Anti-Stalking Orders in D.C.

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The Intrafamily Offenses and Anti-Stalking Orders Amendment Act of 2020 created a new process — an Anti-Stalking Order (ASO) — to deal with allegations of stalking in Washington, D.C. in which the parties are not related or in a domestic relationship. Violation of an ASO is punishable as criminal contempt.

No room for the boy

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Representing the bad guys: Criminal defense lawyers sometimes make tradeoffs when we take on domestic violence cases

Cross-examining a pro se petitioner in a CPO case

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Trying a case — in this case, a CPO hearing — against an unrepresented party is always an experience.

New CPO law takes effect in D.C.

Restraining Order

D.C.’s new law on civil protection orders (CPOs) redefines the category of people eligible for protection. It also extends coverage to animals, minors and victims of sex trafficking.

CPO hearings and some DV trials begin again

DC Superior Court Family Court entrance

Civil protection order (CPO) hearings begin again in D.C. Superior Court. Trials in misdemeanor domestic violence (DV) cases in which the defendant is in custody will resume in December.

Can I represent myself at a CPO hearing in DC?

Yes. You have the right to represent yourself in a legal matter. In fact, although virtually all defendants in a criminal case will be represented by a lawyer, parties at most restraining order hearings are acting pro se; that is, they are representing themselves.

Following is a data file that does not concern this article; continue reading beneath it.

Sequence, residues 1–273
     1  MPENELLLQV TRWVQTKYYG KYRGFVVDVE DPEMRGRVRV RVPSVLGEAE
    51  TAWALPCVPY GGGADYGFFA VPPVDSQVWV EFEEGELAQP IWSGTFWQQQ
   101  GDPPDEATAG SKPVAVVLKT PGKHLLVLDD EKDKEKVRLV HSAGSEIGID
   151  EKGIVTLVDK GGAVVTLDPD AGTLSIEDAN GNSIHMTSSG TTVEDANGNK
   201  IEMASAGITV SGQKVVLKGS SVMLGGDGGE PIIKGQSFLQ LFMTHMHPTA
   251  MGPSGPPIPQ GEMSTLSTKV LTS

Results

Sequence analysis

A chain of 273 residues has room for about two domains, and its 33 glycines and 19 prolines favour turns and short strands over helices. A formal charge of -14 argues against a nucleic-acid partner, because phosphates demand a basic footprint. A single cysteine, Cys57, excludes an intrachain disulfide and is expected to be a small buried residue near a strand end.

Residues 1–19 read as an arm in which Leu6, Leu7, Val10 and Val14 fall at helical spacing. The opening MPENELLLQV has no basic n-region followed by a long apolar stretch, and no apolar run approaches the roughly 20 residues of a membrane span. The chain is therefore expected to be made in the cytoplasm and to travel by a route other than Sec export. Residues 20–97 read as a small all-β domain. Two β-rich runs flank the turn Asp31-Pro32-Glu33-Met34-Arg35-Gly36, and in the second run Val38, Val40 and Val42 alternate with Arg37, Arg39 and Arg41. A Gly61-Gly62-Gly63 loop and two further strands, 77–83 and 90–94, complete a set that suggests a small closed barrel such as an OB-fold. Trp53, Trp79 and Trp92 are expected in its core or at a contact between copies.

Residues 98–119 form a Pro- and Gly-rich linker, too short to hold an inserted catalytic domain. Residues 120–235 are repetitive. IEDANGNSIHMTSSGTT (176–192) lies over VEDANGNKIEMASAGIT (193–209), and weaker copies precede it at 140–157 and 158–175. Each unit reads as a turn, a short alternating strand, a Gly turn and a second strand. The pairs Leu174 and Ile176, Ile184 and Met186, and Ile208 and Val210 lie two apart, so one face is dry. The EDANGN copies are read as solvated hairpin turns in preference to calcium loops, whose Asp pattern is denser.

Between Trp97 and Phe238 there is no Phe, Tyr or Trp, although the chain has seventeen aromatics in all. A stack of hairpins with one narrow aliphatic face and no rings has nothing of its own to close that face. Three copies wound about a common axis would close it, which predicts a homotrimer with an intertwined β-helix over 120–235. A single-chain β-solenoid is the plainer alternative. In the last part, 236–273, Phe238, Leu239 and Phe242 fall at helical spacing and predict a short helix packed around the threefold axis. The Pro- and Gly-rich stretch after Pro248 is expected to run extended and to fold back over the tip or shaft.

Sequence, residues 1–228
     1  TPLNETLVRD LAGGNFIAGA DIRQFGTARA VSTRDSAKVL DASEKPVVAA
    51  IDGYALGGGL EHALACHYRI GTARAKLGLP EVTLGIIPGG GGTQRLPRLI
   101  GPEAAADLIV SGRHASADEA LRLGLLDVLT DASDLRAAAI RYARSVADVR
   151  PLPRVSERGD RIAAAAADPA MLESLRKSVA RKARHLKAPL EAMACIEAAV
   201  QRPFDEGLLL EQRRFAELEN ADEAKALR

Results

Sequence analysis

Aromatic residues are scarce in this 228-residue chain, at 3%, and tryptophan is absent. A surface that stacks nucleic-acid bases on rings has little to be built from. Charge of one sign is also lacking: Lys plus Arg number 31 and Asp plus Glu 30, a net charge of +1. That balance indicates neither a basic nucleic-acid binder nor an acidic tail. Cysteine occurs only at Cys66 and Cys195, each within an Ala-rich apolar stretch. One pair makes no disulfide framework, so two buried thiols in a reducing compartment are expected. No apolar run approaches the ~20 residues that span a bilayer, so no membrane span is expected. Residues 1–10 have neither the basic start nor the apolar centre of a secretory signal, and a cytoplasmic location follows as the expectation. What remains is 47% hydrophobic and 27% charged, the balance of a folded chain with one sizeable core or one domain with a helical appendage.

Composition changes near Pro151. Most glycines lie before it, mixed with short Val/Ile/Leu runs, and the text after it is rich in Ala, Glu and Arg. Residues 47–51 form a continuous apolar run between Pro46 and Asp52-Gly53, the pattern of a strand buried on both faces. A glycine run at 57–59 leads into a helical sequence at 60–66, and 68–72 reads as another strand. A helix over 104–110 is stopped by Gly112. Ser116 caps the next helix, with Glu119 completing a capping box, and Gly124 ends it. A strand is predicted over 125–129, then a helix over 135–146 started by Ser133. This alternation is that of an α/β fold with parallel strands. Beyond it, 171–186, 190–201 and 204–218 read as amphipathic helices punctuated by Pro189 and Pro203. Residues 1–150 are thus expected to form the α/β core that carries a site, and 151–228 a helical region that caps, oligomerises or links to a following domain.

What should I bring with me to a CPO hearing in D.C.?

Washington DC Memorials re: CPO hearing

Although it is often helpful to have physical evidence to corroborate your version of events, the only thing you absolutely need to bring to a restraining order hearing in D.C. is yourself.

Obtaining a restraining order during the Covid-19 pandemic

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With D.C. Superior Court now closed because of the Covid-19 pandemic, Civil Protection Orders (CPOs), Temporary Protection Orders (TPOs) and other forms of restraining orders must be obtained remotely.

A “no-lose” question at a CPO hearing

CPO in DC Court

You have to love the “no-lose” questions on cross-examination. Yes or no. You win no matter how the witness responds.

Truth=good. Lie=bad.

D.C. criminal defense attorney

Complaining witnesses lie on the stand. This never ceases to amaze me. They could be telling the absolute truth about events that led to the criminal prosecution. But when they get on the stand and they are challenged on details during cross-examination, they abandon the truth.